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Medical malpractice judgment upheld by appellate court

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The Indiana Court of Appeals has affirmed the $1.25 million judgment against a gastroenterologist after a patient brought a medical malpractice claim for a missed cancer diagnosis. The judges found the trial court didn’t abuse its discretion in excluding certain evidence.

In John Morse, M.D. v. Jeffrey Wayne Davis, No. 84A05-1103-CT-140, Dr. John Morse appealed the verdict against him – which had been reduced from $2.5 million to the statutory cap of $1.25 million – after a jury found he committed medical malpractice when he failed to order tests or diagnose colon cancer in patient Jeffrey Davis.

Davis visited Morse, who was his mother’s doctor when she had colon cancer, in 2004 complaining of nausea, upper stomach pain and occasional rectal bleeding. Morse performed some tests, but did not order a sigmoidoscopy or colonoscopy. A year later, Davis came back to have medication refilled before he moved to Arizona. Davis’ records don’t note his family history of colon cancer, that Davis reported rectal bleeding or that he reported any other symptoms at his follow-up visit. When Davis moved to Arizona, he visited another doctor, who performed a colonoscopy and found advanced stage four cancer in his bowel, lymph nodes and liver.

There was conflicting evidence as to whether Davis told Morse about his rectal bleeding and that his mother had colon cancer. At a pre-trial hearing, Davis moved to strike two defense witnesses – a doctor who saw Davis for unrelated medical treatment, and a nurse who wrote down Davis’ complaints during the follow-up office visit with Morse. Both would have supported Morse’s argument that Davis was contributorily negligent by not reporting his symptoms. Davis also moved to exclude from evidence a medical history questionnaire submitted to the Arizona doctor which did not indicate a family history of colon cancer. Davis testified that he couldn’t recall whether he or someone else filled the form out. He also moved to preclude any opinion from the medical review panel doctors stating that Morse complied with the standard of care. The jury was instructed on contributory negligence.

The COA found that Morse didn’t show that the trial court abused its discretion when it precluded testimony from his expert witnesses saying that they believed Davis had not advised Morse that his mother had a history of colon cancer despite Davis’ testimony to the contrary. The purpose of that testimony would have been to impeach Davis’ credibility on a critical issue of fact, namely, whether he had told Morse about his mother’s colon cancer, wrote Judge Edward Najam. A determination of Davis’ credibility was within the sole province of the jury, and the proffered testimony was prohibited under Evidence Rule 704(b). Likewise, Dr. Morse has not shown any abuse of discretion in the exclusion of the questionnaire or the testimony of the doctor and nurse, the judges concluded.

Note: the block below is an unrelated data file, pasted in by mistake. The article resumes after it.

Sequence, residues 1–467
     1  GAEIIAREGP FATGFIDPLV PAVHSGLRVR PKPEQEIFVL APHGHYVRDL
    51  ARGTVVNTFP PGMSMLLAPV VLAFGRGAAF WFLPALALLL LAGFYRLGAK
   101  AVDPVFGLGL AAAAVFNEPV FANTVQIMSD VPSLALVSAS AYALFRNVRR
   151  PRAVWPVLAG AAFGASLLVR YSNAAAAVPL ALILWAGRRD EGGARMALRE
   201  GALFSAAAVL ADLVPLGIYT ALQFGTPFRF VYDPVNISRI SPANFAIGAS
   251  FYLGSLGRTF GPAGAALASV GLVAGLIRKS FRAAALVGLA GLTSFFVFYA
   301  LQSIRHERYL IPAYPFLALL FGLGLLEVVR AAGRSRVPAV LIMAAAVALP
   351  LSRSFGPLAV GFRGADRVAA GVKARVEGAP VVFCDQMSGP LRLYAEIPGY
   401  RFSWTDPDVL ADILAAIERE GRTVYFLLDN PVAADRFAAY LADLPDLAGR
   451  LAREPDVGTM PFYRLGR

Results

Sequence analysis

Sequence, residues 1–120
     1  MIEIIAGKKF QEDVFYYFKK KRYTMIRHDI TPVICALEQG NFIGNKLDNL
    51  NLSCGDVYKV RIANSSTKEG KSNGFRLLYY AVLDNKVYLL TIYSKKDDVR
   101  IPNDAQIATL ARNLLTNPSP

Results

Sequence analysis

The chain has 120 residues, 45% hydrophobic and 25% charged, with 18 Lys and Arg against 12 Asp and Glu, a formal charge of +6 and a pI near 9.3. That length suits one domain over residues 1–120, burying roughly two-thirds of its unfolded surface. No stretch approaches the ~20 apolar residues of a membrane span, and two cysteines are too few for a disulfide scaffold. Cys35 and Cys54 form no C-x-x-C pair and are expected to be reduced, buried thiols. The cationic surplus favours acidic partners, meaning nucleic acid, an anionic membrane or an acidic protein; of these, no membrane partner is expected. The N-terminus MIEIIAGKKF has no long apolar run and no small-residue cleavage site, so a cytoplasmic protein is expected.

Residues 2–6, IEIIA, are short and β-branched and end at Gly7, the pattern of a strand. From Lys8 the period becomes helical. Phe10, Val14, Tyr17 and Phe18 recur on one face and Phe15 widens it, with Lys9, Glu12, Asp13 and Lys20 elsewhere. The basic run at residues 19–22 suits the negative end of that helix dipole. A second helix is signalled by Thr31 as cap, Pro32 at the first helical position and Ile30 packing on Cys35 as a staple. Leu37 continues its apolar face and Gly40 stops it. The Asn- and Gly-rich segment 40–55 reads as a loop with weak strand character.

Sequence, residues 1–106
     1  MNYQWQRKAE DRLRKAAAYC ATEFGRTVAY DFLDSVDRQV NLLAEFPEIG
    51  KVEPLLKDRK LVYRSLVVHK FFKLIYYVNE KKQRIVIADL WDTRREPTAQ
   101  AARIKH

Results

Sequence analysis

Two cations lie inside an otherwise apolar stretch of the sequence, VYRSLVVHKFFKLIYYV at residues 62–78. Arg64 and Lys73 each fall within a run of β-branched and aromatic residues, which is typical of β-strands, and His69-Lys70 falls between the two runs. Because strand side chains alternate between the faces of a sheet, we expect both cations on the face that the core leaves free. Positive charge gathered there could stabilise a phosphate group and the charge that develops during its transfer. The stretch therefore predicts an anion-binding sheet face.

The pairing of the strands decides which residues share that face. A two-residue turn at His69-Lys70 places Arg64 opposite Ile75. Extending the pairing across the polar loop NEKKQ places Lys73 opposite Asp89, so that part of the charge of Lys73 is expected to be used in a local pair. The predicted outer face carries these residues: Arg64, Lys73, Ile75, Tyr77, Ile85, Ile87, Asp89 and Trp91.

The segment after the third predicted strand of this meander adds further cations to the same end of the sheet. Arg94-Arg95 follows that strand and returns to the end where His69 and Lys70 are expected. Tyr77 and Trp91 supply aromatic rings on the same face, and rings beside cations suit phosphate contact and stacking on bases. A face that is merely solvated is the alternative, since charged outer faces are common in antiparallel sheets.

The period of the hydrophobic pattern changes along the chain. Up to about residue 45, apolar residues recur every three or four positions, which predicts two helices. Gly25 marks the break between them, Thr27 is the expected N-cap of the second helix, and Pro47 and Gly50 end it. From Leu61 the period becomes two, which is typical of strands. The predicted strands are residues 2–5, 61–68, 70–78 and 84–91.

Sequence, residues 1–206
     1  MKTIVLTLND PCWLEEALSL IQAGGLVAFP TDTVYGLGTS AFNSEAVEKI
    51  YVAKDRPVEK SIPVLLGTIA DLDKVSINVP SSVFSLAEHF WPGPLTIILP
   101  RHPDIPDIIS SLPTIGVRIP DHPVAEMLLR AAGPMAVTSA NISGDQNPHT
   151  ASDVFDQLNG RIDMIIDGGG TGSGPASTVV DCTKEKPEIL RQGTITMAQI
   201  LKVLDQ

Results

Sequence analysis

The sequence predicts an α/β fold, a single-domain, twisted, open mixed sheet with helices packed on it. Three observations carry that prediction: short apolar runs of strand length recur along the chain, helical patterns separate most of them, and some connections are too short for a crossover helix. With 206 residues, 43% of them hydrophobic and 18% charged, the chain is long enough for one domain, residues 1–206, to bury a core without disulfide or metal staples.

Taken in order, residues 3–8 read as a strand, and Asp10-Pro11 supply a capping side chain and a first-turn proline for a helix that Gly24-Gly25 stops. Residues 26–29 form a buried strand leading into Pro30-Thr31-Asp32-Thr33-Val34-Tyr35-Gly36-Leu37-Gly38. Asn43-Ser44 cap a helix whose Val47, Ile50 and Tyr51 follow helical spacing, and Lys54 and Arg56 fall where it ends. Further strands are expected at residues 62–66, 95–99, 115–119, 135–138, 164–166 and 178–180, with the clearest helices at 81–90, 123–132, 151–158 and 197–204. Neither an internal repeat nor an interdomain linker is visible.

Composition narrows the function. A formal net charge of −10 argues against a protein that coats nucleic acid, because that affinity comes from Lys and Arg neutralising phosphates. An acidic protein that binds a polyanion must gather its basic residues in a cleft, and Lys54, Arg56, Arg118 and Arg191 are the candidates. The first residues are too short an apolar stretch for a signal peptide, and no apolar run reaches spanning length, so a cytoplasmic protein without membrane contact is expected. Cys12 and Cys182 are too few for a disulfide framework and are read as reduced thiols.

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  1. why is the State trying to play GOD? Automatic sealing of a record is immoral. People should have the right to decide how to handle a record. the state is playing GOD. I have searched for decades, then you want me to pay someone a huge price to contact my son. THIS is extortion and gestapo control. OPEN THE RECORDS NOW. OPEN THE RECORDS NOW. OPEN THE RECORDS NOW.

  2. I haven't made some of the best choices in the last two years I have been to marion county jail 1 and two on three different occasions each time of release dates I've spent 48 to 72 hours after date of release losing a job being denied my freedom after ordered please help

  3. Out here in Kansas, where I now work as a government attorney, we are nearing the end of a process that could have relevance in this matter: "Senate Bill 45 would allow any adult otherwise able to possess a handgun under state and federal laws to carry that gun concealed as a matter of course without a permit. This move, commonly called constitutional carry, would elevate the state to the same club that Vermont, Arizona, Alaska and Wyoming have joined in the past generation." More reading here: http://www.guns.com/2015/03/18/kansas-house-panel-goes-all-in-on-constitutional-carry-measure/ Time to man up, Hoosiers. (And I do not mean that in a sexist way.)

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  5. I am terrified to see Fracking going on not only in Indiana but in Knox county. Water is the most important resource we have any where. It will be the new gold, and we can't live without it and we can live without gold. How ignorant are people?

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